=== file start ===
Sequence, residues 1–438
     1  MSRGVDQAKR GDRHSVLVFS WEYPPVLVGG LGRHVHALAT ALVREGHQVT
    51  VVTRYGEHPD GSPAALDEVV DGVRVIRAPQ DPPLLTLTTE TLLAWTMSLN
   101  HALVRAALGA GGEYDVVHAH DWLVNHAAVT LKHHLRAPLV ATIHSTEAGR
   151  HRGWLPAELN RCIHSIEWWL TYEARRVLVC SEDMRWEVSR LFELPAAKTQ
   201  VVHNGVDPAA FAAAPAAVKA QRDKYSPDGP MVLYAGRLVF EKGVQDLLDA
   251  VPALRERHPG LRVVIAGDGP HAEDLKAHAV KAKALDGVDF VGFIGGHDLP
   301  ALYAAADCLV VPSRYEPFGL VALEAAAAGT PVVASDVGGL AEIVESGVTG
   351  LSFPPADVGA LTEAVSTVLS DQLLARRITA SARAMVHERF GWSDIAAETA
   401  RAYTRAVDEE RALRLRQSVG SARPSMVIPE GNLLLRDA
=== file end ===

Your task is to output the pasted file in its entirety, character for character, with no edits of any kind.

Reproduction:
Sequence, residues 1–438
     1  MSRGVDQAKR GDRHSVLVFS WEYPPVLVGG LGRHVHALAT ALVREGHQVT
    51  VVTRYGEHPD GSPAALDEVV DGVRVIRAPQ DPPLLTLTTE TLLAWTMSLN
   101  HALVRAALGA GGEYDVVHAH DWLVNHAAVT LKHHLRAPLV ATIHSTEAGR
   151  HRGWLPAELN RCIHSIEWWL TYEARRVLVC SEDMRWEVSR LFELPAAKTQ
   201  VVHNGVDPAA FAAAPAAVKA QRDKYSPDGP MVLYAGRLVF EKGVQDLLDA
   251  VPALRERHPG LRVVIAGDGP HAEDLKAHAV KAKALDGVDF VGFIGGHDLP
   301  ALYAAADCLV VPSRYEPFGL VALEAAAAGT PVVASDVGGL AEIVESGVTG
   351  LSFPPADVGA LTEAVSTVLS DQLLARRITA SARAMVHERF GWSDIAAETA
   401  RAYTRAVDEE RALRLRQSVG SARPSMVIPE GNLLLRDA